My rationale for choosing Christopher Nolan's remarkable sophomore effort Memento as my means into examining risk-taking storytelling must be self-evident to fans of the film. I wanted to choose a film that (a) plays with and challenges the narrative conventions we have just been studying (b) demands audience attentiveness (c) works firmly within at least one movie genre. Memento does this and so much more. Among it's many teacher-worthy aspects, Memento also boasts an appealing but extremely unlikeable narrator, a wicked (in the both senses of the word) plot twist and a deliciously indeterminate ending. The film begins with a bang, as our hero Leonard Shelby (Guy Pearce) dispatches his nemesis with a gun shot to the head. It becomes clear immediately that the situation is FUBAR, as blood starts running up the walls, and Leonard's Polaroid picture begins to un-develop before our eyes. As we adjust to the recognition that we are watching events play out in reverse (is that kid in the projection booth toking up again??) the film jumps into what appears to be some semblance of normalcy. But the feeling is fleeting, as the appearance of the murder victim from the previous scene alerts us to the fact that the story has looped back on itself, and is being told in reverse. Not in a frame-by-frame reverse of the opening scene, but rather in a scene by scene reverse trajectory. What a clever monkey this Nolan is, we think. But what of it? Is this just a clever gimmick to get us to pay more attention?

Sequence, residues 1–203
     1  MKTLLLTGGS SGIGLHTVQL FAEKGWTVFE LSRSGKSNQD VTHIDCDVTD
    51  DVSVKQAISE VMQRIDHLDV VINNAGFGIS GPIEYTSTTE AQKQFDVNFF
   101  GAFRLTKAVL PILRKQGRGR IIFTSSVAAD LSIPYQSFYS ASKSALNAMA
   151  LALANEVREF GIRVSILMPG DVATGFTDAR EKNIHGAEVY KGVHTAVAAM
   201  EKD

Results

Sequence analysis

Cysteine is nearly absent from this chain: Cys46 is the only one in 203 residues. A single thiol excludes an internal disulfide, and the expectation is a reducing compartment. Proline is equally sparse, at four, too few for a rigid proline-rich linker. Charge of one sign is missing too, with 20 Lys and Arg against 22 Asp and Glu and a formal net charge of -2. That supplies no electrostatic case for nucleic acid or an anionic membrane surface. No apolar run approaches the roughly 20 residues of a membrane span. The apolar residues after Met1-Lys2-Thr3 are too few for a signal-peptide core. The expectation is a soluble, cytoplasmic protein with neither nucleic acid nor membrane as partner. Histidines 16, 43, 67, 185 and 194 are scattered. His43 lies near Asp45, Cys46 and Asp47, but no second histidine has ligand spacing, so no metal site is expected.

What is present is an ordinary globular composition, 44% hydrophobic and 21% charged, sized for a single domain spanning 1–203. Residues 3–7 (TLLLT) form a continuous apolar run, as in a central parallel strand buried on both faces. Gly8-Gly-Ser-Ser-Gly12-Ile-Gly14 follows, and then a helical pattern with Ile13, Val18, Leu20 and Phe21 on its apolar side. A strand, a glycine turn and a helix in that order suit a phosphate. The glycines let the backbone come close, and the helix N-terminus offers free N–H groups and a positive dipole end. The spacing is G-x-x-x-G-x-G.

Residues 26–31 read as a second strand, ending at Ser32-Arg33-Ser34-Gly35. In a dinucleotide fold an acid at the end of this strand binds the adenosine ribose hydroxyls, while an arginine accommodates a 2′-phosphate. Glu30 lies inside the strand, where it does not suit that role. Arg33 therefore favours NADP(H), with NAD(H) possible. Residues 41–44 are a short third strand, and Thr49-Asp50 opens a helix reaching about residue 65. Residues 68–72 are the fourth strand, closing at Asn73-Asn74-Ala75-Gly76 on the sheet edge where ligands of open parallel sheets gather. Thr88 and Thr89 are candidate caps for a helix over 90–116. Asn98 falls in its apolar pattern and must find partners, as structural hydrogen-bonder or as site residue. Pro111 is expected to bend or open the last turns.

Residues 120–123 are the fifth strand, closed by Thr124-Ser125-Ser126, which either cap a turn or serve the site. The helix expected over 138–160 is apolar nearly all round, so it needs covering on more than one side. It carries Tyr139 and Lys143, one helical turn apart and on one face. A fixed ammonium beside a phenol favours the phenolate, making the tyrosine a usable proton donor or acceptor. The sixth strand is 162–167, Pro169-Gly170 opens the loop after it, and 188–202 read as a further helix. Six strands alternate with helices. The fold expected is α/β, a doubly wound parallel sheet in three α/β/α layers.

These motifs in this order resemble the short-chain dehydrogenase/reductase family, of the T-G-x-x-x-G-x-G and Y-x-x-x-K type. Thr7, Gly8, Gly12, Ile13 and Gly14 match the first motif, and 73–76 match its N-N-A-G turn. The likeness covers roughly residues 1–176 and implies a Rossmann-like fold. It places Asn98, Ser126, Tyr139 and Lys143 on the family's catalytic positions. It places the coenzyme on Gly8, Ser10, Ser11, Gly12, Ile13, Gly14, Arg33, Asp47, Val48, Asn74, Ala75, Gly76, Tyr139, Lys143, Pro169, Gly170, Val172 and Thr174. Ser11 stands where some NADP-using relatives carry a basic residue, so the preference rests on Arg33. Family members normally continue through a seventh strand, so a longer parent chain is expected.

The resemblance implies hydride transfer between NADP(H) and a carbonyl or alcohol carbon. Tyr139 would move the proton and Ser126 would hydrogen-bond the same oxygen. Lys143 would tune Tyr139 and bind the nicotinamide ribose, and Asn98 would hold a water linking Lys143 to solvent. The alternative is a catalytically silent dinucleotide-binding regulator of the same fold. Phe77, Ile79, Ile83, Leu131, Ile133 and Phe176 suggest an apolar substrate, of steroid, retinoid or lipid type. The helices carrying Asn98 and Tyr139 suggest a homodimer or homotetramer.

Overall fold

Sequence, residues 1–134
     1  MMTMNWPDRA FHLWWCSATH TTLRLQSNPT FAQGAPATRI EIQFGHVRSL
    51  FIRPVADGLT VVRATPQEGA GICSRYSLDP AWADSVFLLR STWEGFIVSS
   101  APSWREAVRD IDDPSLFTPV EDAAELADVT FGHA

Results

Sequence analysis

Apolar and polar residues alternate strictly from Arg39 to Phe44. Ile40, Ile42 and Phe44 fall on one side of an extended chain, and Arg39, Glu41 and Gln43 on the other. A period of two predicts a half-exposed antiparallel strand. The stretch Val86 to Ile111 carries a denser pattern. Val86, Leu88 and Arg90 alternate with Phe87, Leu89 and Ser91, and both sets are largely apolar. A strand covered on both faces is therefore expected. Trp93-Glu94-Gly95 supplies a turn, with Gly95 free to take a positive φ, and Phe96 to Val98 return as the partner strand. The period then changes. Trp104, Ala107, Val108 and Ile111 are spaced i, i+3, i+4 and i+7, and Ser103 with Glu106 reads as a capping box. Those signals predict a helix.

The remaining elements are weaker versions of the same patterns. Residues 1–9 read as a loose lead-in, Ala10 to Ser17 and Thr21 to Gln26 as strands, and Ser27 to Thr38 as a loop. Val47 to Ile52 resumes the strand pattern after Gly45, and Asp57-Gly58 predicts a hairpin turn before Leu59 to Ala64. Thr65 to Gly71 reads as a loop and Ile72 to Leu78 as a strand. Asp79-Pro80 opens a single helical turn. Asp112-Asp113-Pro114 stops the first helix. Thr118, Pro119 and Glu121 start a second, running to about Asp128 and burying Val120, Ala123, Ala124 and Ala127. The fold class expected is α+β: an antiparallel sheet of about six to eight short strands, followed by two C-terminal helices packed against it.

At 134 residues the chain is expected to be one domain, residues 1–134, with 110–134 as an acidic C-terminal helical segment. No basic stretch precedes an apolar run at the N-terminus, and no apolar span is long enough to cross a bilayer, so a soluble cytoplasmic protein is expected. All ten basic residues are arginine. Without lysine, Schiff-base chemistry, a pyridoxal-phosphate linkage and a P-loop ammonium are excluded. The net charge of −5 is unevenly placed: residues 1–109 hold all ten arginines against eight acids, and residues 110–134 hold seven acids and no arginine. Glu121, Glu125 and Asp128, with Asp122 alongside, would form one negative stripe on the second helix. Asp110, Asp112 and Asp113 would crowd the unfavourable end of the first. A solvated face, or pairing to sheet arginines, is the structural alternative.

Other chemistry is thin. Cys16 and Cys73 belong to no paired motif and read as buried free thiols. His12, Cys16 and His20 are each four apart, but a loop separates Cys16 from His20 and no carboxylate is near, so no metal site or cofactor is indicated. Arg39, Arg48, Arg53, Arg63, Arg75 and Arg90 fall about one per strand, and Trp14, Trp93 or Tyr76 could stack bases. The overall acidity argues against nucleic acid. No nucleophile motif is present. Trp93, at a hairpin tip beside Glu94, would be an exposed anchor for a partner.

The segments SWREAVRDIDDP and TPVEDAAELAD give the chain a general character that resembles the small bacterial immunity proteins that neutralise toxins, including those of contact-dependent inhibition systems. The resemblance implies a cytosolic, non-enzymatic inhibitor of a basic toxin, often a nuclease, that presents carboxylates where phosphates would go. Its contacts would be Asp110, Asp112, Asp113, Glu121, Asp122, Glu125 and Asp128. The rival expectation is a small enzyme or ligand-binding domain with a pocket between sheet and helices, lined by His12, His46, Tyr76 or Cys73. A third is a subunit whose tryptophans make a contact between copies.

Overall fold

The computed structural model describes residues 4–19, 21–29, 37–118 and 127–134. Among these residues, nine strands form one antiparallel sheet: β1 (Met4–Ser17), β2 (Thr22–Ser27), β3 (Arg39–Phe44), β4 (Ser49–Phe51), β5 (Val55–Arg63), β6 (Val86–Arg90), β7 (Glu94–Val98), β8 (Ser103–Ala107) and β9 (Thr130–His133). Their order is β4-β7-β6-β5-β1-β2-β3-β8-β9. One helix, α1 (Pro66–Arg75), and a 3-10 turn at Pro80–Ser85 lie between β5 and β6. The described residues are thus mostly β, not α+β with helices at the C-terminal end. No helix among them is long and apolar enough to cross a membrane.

But wait, before we can answer these questions, what's happening now? The film has switched from colour to black and white. And it appears that these scenes are being in a chronologically "normal" fashion, in contrast to the rest of the film. These scenes seem to serve as back story, filling in the blanks of Lenny's story as he converses with an invisible stranger on the phone who most likely is the man he ends up murdering in the opening scene, police officer (?) Teddy Gammel, the always watchable Joey Pantoliano, aka Joey Pants. Also, before I forget, let me praise Pearce's fine work here. It easy to play a mental disability in a gimmicky way to gain audience sympathy, but Pearce does not of that sort of actorial mugging. His portrayal is nicely nuanced, as Leonard is a driven, distraught, confused and angry man seeking revenge for his wife's murder, and Pearce hits the notes cleanly, without resorting to any sort of heart-tugging tactics. But as we are going to learn later, perhaps we cannot believe everything we are learning here. That Nolan, such a cheeky monkey. Is he just trying to keep us on our toes, or does he have some deeper purpose?